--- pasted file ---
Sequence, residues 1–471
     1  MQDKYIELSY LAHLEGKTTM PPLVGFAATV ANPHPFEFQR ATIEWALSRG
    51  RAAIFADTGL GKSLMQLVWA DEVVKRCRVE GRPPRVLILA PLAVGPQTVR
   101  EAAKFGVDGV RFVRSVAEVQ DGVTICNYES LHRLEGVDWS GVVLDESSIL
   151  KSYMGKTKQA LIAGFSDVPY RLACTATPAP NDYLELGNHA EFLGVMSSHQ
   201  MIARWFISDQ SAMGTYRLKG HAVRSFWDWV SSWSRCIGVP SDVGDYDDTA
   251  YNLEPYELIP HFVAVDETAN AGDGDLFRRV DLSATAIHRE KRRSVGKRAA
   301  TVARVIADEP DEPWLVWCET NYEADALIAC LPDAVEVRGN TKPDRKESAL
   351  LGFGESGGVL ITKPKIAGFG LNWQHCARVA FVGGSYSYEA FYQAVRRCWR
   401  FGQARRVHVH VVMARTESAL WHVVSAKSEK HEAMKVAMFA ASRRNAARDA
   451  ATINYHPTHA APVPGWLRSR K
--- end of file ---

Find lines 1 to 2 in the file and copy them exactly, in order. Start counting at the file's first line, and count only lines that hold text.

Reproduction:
Sequence, residues 1–471
     1  MQDKYIELSY LAHLEGKTTM PPLVGFAATV ANPHPFEFQR ATIEWALSRG